Amazon, which earlier patented a drone that would fragment in mid-air in event of malfunction to minimize potential damage to schoolkids and others, has just acknowledged in a new patent that delivery drones may fly into buildings.
In a patent granted [last] week for an “Unmanned aerial vehicle protective frame configuration,” the Seattle e-commerce giant notes a risk that accompanies its effort to get its products to customers via drones, also known as UAVs.
“For example, if the UAV is traveling horizontally and collides with a foreign object (e.g., wall, building), the impact between the UAV and the foreign object will be with the perimeter protective barrier, rather than a propeller,” the patent said.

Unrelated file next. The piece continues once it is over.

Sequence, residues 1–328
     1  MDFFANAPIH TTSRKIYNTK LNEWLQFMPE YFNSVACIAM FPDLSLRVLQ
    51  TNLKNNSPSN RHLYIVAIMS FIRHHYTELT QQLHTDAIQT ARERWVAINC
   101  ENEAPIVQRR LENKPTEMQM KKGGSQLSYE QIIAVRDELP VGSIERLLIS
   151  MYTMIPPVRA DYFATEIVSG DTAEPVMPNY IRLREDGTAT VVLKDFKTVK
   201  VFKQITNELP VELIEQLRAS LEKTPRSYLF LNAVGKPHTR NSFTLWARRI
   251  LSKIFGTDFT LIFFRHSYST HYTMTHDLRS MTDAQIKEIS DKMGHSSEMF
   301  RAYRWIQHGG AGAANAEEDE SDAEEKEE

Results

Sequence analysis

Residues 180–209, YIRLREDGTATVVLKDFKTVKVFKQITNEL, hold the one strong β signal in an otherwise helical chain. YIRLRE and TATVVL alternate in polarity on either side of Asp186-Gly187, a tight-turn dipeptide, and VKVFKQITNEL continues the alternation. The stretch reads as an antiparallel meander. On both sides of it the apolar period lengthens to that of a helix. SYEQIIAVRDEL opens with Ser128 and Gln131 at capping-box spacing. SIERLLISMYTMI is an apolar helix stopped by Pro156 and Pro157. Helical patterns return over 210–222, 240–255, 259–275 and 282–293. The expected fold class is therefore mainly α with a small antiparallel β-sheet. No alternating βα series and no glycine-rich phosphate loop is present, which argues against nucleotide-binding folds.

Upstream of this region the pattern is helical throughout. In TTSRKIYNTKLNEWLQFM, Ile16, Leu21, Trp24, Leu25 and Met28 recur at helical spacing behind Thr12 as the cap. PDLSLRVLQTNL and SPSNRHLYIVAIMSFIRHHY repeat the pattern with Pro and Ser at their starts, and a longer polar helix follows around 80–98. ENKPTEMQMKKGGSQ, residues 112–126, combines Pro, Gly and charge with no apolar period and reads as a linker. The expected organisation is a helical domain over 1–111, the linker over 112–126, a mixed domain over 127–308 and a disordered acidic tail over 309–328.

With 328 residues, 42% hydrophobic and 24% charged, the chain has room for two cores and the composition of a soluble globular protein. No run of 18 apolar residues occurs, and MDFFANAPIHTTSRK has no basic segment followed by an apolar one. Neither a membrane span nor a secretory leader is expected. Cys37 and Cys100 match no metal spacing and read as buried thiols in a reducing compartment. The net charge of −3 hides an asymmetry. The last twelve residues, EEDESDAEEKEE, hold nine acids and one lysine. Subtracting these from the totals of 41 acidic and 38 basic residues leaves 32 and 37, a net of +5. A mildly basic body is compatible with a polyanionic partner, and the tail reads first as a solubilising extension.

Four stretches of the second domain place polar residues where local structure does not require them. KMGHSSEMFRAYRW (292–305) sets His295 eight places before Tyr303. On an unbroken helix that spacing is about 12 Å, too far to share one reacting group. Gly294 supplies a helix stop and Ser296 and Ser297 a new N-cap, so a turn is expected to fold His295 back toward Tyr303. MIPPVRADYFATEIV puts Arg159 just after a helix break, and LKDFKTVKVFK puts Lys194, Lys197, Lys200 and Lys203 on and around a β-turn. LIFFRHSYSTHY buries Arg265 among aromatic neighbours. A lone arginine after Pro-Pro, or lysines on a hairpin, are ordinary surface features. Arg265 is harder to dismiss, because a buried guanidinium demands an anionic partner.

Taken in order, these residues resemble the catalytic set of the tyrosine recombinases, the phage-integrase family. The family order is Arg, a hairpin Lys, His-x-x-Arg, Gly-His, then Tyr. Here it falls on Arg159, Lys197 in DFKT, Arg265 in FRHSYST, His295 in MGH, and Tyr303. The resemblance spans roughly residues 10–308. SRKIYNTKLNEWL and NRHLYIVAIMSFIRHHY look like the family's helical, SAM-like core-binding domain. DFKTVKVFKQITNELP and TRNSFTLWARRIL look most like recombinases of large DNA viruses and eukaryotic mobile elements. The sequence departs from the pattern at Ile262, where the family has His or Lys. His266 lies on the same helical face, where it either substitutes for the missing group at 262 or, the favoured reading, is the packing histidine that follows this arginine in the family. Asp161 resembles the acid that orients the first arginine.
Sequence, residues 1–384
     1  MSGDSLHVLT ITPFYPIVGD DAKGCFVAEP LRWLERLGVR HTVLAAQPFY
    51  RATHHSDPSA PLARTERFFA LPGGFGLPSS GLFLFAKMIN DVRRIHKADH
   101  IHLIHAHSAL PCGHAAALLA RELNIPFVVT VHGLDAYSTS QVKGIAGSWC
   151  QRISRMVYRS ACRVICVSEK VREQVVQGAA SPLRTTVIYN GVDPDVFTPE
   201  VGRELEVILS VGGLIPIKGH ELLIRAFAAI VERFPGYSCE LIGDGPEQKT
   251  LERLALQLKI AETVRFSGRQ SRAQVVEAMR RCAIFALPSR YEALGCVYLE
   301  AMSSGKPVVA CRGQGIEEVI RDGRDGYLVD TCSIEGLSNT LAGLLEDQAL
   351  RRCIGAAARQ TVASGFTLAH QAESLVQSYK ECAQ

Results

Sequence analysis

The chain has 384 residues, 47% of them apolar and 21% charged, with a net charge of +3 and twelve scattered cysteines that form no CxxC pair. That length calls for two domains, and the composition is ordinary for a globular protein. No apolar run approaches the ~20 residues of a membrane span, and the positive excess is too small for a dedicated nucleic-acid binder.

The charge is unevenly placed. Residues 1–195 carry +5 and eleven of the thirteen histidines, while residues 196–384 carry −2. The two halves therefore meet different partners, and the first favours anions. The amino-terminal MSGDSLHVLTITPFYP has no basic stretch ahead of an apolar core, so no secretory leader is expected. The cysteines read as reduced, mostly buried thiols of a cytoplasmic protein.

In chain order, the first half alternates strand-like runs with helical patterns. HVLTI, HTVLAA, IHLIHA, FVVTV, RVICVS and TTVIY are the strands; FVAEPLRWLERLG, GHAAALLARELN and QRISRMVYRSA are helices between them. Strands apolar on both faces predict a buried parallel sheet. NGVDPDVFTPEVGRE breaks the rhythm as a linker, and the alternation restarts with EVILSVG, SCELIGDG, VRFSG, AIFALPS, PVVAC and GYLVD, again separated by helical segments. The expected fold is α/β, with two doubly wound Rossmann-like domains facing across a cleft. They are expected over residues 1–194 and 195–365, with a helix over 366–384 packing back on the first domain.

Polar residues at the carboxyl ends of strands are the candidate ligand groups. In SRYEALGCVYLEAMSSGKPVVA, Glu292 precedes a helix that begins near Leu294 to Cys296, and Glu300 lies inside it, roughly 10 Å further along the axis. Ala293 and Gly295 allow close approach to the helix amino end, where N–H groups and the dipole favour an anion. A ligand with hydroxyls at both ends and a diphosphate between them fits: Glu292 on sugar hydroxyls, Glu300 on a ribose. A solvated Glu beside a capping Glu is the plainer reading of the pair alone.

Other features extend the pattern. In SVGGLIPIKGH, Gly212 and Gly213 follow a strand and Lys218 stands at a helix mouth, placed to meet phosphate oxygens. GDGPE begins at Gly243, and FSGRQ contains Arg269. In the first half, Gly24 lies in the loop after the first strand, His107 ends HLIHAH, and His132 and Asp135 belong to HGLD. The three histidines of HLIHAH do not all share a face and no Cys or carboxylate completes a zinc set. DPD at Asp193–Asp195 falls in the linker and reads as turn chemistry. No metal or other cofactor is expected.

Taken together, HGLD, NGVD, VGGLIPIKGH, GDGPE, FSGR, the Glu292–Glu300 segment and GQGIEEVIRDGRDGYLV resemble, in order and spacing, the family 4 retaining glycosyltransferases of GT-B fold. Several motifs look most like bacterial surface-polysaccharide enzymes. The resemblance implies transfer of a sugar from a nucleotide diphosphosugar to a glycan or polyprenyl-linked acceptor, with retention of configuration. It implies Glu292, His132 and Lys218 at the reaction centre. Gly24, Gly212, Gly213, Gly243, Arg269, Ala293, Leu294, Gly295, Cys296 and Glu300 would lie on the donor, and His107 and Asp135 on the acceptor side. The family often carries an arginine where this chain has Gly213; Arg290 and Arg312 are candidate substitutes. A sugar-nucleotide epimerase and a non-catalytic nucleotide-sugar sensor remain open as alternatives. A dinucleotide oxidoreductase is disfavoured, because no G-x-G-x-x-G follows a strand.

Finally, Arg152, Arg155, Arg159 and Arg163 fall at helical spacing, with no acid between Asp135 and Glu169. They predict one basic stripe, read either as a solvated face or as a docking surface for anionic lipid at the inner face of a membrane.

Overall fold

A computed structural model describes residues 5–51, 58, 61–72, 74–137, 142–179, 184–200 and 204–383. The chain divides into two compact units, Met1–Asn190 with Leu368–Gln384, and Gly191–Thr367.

Whether the public will become accustomed to having goods-laden drones passing overhead and perhaps dropping parts or flying into large solid objects remains to be seen. But Amazon, keenly focused on automation and cheap, efficient product delivery, has obtained dozens of drone-related patents in recent years.
The new patent for a drone with a protective frame also outlines possible other propulsion systems, beside propellers, for UAVs. Systems could include “fans, jets, turbojets, turbo fans, jet engines, internal combustion engines, and the like,” according to the patent
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